Examining the culture behind popular sci-fi shows
You probably know someone who watches Supernatural, Doctor Who or Sherlock, or some combination of all three. You might know someone who is unhealthily obsessed with them, too. Fans of Supernatural, Doctor Who and Sherlock, popularly known as SuperWhoLock fans, are rising both in number and devotion, overtaking social media with their influence. But SuperWhoLock is an complex community.
Supernatural, Doctor Who and Sherlock are all science fiction shows. Supernatural is the story of two brothers who crisscross the country hunting monsters and saving people. Doctor Who is a fifty-year-old show about a time-traveling alien called 'the Doctor' who travels the universe with a friend. Sherlock is a modern-day adaptation of Sir Arthur Conan Doyle's Sherlock Holmes mysteries.
These shows are popular for a number of reasons. For many, the intricate and original plots are the draw. "A lot of shows, you know what's going to happen," says Doctor Who and Sherlock fan freshman Jordan McDougall. "I never know what's going to happen with these shows."
Another factor that attracts people to SuperWhoLock are the fandoms, or collections of fans, that make up the large community in social media. "The community [is] fun," says Bauserman. Bauserman's access to the fandom, like that of many Blazers, is through the social media site Tumblr, where she reblogs posts about her favorite shows and talks to people all over the world. After she got her Tumblr, she became hooked on the shows. "It was all downhill from there," she says.
Tumblr also got junior Annabelle Leete into the fandom. "I joined Tumblr for feminist stuff and Manga," she explains, but soon she saw pictures of Sherlock displaying some of the unique cinematography. "I like the layout. It was the first thing that I got interested in," she says.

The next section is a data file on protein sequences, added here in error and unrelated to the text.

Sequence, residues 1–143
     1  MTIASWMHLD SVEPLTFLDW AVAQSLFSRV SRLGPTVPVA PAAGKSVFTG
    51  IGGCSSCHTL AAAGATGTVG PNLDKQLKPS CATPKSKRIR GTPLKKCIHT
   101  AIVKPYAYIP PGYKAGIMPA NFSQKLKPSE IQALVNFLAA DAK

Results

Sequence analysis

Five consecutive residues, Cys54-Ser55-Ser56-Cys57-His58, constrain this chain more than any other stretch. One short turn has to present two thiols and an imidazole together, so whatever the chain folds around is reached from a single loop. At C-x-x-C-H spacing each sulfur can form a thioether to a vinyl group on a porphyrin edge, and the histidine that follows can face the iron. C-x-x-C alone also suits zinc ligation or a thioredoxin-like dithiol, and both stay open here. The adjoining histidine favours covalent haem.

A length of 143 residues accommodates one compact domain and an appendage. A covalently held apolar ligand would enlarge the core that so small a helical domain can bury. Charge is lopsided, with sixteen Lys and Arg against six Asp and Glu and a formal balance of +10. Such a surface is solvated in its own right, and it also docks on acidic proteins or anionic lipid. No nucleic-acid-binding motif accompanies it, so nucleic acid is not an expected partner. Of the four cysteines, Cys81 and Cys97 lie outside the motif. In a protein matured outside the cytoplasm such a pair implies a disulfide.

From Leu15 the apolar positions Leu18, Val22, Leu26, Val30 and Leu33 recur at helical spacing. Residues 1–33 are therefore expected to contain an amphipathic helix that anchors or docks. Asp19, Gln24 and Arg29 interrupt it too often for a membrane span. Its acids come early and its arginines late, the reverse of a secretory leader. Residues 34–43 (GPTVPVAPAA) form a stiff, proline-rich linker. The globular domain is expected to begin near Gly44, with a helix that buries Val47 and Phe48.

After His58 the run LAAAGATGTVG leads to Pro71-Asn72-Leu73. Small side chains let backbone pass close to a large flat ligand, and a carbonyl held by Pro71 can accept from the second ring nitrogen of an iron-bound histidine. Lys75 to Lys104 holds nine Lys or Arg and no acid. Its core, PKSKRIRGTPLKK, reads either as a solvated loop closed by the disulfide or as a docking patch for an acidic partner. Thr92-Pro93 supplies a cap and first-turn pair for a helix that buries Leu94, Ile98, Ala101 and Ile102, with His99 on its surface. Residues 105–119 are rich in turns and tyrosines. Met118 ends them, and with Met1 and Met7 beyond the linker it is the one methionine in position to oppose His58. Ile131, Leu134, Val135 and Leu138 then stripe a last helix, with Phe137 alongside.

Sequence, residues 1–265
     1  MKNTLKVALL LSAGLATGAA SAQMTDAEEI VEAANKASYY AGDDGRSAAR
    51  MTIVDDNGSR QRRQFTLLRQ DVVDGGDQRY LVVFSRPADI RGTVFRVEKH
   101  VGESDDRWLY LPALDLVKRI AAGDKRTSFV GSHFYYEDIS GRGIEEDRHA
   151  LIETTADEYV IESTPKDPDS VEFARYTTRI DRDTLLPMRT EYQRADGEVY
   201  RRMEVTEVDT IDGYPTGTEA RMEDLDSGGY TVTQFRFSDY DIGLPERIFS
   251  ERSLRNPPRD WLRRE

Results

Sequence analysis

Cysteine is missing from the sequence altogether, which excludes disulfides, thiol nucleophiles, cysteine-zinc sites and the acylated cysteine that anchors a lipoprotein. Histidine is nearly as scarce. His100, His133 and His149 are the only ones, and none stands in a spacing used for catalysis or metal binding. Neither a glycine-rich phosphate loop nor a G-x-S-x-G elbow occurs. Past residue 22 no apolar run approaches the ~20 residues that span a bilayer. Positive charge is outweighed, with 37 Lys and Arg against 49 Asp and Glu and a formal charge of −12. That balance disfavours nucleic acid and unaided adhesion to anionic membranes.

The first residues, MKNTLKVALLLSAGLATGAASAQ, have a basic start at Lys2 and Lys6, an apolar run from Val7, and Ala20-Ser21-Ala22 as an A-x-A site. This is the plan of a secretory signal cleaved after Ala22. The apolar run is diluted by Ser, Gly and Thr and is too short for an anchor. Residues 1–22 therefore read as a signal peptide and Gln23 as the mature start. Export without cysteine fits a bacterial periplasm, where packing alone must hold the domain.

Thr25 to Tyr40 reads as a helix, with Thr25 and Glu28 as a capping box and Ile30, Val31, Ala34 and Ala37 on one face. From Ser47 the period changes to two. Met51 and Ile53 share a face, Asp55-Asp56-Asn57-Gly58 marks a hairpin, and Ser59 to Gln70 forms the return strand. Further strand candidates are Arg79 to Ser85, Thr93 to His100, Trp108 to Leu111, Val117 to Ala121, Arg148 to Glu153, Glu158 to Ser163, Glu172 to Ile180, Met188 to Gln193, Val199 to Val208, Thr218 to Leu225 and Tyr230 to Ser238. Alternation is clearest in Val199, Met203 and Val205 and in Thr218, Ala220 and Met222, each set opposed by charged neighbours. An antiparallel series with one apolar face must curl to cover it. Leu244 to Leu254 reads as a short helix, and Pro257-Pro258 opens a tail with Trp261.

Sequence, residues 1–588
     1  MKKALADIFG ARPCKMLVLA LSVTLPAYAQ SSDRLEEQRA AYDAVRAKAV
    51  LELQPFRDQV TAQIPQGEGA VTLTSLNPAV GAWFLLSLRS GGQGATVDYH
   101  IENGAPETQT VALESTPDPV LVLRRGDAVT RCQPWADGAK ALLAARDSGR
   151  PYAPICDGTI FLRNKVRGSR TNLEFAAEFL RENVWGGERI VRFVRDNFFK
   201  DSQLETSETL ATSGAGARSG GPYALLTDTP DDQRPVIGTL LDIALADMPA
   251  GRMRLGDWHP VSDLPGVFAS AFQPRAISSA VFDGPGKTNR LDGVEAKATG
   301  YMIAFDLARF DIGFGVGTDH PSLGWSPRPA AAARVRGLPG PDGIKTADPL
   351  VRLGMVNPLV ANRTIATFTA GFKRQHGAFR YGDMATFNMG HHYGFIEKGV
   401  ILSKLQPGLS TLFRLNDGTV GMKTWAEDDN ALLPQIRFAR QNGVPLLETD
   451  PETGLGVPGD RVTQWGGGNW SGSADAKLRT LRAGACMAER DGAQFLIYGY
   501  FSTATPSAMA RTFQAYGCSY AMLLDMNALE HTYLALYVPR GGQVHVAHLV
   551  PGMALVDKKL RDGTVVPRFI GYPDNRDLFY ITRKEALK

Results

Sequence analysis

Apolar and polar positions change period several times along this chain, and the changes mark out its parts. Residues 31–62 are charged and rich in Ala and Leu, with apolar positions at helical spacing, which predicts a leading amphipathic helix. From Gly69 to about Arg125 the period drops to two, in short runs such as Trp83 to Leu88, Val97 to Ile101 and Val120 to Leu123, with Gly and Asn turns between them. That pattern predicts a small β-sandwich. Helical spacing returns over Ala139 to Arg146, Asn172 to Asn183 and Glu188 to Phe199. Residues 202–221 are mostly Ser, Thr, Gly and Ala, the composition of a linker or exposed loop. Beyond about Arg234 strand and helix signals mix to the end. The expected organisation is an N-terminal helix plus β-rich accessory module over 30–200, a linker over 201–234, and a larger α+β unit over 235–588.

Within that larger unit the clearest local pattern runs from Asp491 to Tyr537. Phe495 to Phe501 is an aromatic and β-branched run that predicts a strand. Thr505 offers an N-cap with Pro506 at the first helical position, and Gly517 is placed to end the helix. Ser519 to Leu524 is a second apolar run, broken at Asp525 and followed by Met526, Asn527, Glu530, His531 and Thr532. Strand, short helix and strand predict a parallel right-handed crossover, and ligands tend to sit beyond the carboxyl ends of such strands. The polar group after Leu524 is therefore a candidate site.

Besides Tumblr, there are other ways to participate in the fandom. Fanart, art based on characters or plotlines from a show, and fanfiction, stories written about characters or plots from a shows, are very common ways for fans to express creativity and interact with the shows. Fans can create their own worlds separate from the world of the show, so if they're unsatisfied with a relationship or a plot twist in the show, they can write or draw their own versions. McDougall, however, prefers to just talk over episodes with her friends and display her affection with merchandise. "I have t-shirts and jewelry," she says.
More fans, more problems
Despite the overall benefits of the SuperWhoLock fandom, there are some issues within the community. As the shows continue, for example, there have been perceived dips in show quality. For example, Doctor Who and Sherlock writer Stephen Moffat has drawn a lot of criticism for his work on both shows. Some fans say that his Doctor Who plots are full of holes, and that they take away the impact of the Doctor's decisions and negate important messages of the show such as justice and redemption. "There's so many problems with it, I've given it up," says once-devoted Doctor Who fan Stephanie Renich.